by Peter Luscombe

Despite how educated and qualified our youth may be they currently struggle to attain employment. Latest Australian Bureau of Statistics figures show the unemployment rate for 15 to 24-year-olds is 13.1 per cent – more than double the national workforce unemployment rate of 6.3 per cent. Courses at school are chosen with aims and goals in mind, Year 12 is completed by many with a degree of success which makes them technically qualified to enter the work-force, or to go on to tertiary studies where they attain further qualifications to enter the work-force. Technically they are qualified or hard-wired to achieve employment; get a job. So, what’s letting them down? Soft skills!

Australian Government Department of Employment analyst Ivan Neville declares in an article in CareerOne  that young people need to go back to the old-school basics to get a job that soft skills include –communication, teamwork, motivation, reliability and presentation. He goes on to say that a lack of such is what holds back many of the nation’s youth from getting a job. According to Neville it isn’t just our youth who face this issue:

It’s not just about young people – it’s all ages, all industries, all occupations, all skill levels.

To illustrate, here is a rather telling, perhaps dramatic example from SkillsYouNeed  :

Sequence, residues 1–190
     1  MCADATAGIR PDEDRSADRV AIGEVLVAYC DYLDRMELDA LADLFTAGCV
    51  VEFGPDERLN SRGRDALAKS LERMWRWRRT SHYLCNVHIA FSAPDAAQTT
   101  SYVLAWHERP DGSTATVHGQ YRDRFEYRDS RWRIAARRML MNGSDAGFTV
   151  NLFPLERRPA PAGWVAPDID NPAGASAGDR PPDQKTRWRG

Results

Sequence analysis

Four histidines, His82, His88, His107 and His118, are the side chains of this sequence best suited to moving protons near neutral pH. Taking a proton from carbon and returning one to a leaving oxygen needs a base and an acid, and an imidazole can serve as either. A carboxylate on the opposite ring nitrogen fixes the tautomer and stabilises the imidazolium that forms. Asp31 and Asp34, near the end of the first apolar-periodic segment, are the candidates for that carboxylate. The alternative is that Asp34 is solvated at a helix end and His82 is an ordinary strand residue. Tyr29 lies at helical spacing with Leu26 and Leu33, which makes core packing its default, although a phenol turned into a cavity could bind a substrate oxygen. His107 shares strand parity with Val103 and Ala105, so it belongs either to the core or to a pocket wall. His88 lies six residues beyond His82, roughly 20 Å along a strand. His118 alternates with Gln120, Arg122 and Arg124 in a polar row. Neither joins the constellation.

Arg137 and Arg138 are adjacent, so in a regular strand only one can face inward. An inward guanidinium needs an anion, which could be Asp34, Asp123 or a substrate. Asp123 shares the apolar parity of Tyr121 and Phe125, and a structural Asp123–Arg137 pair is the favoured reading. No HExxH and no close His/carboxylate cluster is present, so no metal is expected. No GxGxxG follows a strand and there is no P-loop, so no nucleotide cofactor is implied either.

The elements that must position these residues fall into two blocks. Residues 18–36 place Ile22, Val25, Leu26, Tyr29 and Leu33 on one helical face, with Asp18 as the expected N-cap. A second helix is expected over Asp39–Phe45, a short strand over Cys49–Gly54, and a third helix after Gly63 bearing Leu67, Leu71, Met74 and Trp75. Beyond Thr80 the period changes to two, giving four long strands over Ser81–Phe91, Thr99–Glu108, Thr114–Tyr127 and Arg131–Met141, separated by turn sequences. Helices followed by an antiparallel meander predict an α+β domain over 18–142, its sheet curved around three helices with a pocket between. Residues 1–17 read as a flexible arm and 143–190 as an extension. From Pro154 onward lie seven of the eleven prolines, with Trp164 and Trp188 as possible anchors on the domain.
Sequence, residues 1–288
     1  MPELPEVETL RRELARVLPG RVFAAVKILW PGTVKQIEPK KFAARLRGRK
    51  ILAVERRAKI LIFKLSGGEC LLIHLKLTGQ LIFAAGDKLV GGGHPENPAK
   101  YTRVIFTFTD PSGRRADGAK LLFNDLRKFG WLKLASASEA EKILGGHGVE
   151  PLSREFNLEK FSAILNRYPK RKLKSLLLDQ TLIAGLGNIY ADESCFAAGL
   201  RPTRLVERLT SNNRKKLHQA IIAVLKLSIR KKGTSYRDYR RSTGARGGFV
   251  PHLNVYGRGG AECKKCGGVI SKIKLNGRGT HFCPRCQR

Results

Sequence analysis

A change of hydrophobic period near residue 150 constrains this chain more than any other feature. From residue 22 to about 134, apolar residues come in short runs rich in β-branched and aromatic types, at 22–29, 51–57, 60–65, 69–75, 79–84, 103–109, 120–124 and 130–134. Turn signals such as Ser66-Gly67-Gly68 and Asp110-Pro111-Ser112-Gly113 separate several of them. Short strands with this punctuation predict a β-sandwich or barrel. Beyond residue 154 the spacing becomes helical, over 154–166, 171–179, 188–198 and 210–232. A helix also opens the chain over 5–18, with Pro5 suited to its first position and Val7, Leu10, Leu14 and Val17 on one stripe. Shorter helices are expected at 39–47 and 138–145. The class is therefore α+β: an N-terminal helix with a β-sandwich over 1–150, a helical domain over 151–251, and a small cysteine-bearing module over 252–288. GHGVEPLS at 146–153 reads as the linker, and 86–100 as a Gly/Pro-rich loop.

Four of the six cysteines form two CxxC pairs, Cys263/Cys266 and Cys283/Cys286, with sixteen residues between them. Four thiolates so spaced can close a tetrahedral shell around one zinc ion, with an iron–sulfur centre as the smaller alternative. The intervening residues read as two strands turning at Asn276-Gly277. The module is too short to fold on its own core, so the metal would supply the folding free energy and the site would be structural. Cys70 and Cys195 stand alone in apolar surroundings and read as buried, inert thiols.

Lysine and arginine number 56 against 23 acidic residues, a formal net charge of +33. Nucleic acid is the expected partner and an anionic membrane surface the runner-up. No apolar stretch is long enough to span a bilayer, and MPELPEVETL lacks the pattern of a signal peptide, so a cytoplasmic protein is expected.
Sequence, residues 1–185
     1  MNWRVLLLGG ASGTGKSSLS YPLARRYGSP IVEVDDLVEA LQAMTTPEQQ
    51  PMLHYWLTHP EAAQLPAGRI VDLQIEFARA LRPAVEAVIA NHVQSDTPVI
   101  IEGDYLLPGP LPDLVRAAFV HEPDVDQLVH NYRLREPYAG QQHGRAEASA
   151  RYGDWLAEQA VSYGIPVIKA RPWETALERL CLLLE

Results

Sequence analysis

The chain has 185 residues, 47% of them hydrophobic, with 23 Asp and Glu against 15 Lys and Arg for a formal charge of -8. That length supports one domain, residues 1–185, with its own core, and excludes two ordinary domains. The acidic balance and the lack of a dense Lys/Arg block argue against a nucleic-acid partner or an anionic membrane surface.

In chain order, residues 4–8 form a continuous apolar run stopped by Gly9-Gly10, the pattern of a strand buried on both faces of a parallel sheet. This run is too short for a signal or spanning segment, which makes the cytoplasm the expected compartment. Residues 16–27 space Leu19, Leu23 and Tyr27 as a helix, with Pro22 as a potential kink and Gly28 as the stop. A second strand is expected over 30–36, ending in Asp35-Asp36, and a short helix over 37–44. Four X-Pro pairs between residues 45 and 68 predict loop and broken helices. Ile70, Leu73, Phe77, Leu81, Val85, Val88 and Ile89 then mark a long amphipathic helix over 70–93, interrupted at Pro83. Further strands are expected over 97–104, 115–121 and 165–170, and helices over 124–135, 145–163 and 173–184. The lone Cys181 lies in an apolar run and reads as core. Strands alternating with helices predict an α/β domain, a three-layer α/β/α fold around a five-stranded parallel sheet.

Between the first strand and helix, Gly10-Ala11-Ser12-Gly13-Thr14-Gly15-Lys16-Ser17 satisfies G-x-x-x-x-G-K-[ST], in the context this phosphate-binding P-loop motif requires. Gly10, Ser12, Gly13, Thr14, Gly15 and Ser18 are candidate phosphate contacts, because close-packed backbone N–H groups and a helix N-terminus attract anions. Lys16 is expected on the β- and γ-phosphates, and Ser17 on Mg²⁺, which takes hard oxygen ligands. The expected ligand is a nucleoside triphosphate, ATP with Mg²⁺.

Principles of Competition

Think of soft skills in the light of competition principles.

Imagine you are a company producing something, let’s say light bulbs. You come up with a revolutionary new technology. Your light bulbs are suddenly much better than others and your profits go up.

But, after a while, your competitors get hold of the technology: you license its use, perhaps, or they develop alternatives. Suddenly, light bulbs are all the same again and your profits are suffering. You still need the new technology, but you also need a new competitive edge.

Hard skills are like your technology: anyone can acquire them, with training, and they are necessary. Without them you will not be able to operate in the workplace. Soft skills are your unique selling point and give you a competitive edge in the workplace, and perhaps even in life.

light bulb

Soft skills may become even more significant in the light of a recent report commissioned by the Foundation for Young Australians – The New Work Order. This report found 58 per cent of students and 71 per cent of vocational education students were on a career path that could disappear or transform. In other words, they were qualified for jobs which may no longer exist or had greatly changed in regard to what they were technically hard-wired to do, to state matters simplistically. Soft skills, however, transfer as most valuable in any situation so you are engaged with those around you, the currents in the workplace and future opportunities.

Charis Chang writer for the same publication as Ivan Neville observes in an article – 21st century skills: How to future proof your career – that:

Young people who want to find jobs in the future will need these skills, which include confidence, communication, creativity, project management, enthusiasm for learning, critical thinking, team work, digital literacy, financial literacy and global citizenship.

The bar has risen for our youth? I might add most likely for anyone. I think the message is very clear that soft skills are the hard-wired way to go.

In my next post I will address how soft skills help you in your job.

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